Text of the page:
Seventy five percent of women who become menopausal will have hot flashes, night sweats and sleep problems which, although not life-threatening, can certainly impact quality of life. I have spent much of my career writing about this and indeed treating women with these symptoms. For those who have no contraindications, hormone therapy will usually be the “cure” they seek (as well as maintain bone density, vaginal integrity, skin collagen, perhaps impact cognition and focus, and at least initially, help prevent atherosclerosis and decrease abdominal fat distribution). There is, however, concern about the impact of oral estrogen and synthetic progestin on the risk of blood clots, breast cancer and even dementia. There are new ways to prescribe estrogen that maybe safer (transdermal) and alternatives to synthetic progestin. But a considerable number of women have clear contraindications and/or choose not to take hormone therapy. There is also a valid concern about long-term use; after three to five years of successful hormone therapy the question remains, “Is it safe to continue?” Some women will stop and have minimal symptoms but others will return to the same hot, bothered and sleepless condition that caused them to go on hormones in the first place! Until now, there been no FDA approved non hormonal medications to help treat these vasomotor symptoms.
So although I knew about this medication and have already started to prescribe it for appropriate patients, I wanted to mention the new article that was published in the May 8 issue of the New England Journal of Medicine, “FDA Approval of Paroxetine for Menopausal Hot Flashes” Paroxetine is also known as Paxil which is generally prescribed in doses of 10, 20 and up to 40 mg for several psychiatric conditions, including major depressive disorder. And as you may have noted as you watch or read the myriad direct to consumer ads, this type of antidepressant (as well as most others) has warnings about monitoring patients for suicidal thoughts and behaviors and the directive to discontinue treatment if there’s worsening depression or suicidality. The new medication, called Brisdelle contains a much much lower dose of Paroxetine, only 7.5 mg. It is a very mild selective serotonin reuptake inhibitor that causes a mild increase in that “feel good brain hormone”, serotonin.
The history of the FDA approval is interesting and was the subject of the article. The approval ran counter to the recommendation of the FDA reproductive health drugs advisory committee which had concluded, by a vote of 10 to 4 , that the overall benefit-risk profile of Brisdelle did not support approval. The FDA always carefully considers the advice from its advisory committees but it is not required to follow their recommendations… Here is what the committee considered: Among a total 1184 menopausal women who had a median of 10 moderate-to-severe hot flashes per day, Brisdelle was shown to provide modest relief in comparison to placebo. At week 12 (in one of the studies) there was a median reduction from baseline of 5.9 moderate-to-severe hot flashes per day with Brisdelle as compared with the median reduction of 5.0 per day with placebo. At week 12 (In a second study), there was a median reduction from baseline of 5.6 moderate-to-severe hot flashes per day with Brisdelle as compared with the median reduction of 3.9 per day with placebo. But even though this was a very modest effect, Brisdelle remained efficacious at six months, the latest time point assessed. Because of Brisdelle’s very modest efficacy and concerns about suicidal ideation the advisory committee’s 10 to 4 vote against approval occurred. But recognizing that no hormone-free drug product has been approved to treat vasomotor symptoms, the FDA concluded that Brisdelle still offers a clinically meaningful benefit for some menopausal women.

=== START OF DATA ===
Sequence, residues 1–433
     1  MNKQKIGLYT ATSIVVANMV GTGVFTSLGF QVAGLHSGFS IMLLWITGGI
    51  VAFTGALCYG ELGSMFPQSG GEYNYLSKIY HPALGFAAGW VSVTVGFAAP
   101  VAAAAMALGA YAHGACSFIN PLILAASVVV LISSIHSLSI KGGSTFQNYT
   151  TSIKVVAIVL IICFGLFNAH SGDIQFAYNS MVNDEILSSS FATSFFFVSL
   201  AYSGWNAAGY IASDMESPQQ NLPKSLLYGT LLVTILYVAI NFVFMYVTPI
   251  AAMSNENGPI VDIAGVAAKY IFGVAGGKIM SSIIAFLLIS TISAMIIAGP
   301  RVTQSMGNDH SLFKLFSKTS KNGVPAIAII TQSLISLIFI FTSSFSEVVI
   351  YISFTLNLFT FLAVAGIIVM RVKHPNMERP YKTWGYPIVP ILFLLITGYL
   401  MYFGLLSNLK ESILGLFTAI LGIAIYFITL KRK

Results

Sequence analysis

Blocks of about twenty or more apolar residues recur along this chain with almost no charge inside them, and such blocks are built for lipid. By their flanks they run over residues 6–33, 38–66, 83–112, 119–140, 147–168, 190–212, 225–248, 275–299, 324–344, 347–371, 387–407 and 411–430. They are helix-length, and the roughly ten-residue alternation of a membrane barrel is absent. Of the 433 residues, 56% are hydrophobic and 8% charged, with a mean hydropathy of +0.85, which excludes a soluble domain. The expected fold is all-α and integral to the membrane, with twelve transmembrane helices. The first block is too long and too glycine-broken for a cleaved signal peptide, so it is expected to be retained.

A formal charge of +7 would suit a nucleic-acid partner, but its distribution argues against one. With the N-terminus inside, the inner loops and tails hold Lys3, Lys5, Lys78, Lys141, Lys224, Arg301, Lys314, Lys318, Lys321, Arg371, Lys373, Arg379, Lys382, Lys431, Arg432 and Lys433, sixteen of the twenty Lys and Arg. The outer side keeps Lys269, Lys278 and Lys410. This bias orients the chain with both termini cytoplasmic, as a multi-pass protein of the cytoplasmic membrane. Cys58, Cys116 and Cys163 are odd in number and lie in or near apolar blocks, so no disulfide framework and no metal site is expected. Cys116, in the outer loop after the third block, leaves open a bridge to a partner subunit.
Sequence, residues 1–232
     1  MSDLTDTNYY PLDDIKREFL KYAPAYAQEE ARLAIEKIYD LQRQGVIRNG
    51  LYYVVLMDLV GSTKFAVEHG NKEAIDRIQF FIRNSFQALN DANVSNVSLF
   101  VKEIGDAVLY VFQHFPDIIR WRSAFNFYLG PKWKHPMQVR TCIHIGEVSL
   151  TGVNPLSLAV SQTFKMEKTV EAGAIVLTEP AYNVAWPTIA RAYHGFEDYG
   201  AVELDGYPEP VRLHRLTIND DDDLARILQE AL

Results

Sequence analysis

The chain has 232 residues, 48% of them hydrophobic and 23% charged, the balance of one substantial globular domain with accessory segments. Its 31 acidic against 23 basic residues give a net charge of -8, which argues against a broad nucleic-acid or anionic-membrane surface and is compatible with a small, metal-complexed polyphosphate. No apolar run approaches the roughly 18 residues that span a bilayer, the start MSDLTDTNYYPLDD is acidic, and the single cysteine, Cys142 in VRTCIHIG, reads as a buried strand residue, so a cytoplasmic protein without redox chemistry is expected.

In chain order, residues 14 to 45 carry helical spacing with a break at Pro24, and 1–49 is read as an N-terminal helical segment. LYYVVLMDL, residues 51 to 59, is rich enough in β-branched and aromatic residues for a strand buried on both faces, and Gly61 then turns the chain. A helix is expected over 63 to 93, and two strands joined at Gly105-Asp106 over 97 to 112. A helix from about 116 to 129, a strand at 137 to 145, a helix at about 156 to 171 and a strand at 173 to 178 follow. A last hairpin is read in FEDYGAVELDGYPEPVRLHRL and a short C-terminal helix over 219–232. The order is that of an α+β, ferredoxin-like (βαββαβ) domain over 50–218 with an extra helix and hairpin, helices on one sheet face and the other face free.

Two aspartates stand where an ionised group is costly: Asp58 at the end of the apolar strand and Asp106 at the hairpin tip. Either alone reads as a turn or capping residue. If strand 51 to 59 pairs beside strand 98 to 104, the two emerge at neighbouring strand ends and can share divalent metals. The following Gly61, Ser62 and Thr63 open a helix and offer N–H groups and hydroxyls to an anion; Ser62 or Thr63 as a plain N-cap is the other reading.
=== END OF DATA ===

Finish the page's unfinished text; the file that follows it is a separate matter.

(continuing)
So yes, we have a new FDA approved medication for hot flashes and in many cases insurance will pay for it. I applaud the fact that we have this alternative; I’m not sure that it will work for every woman but for those of my patients who cannot take hormones and who have quality-of life-affecting symptoms, it’s worth a try.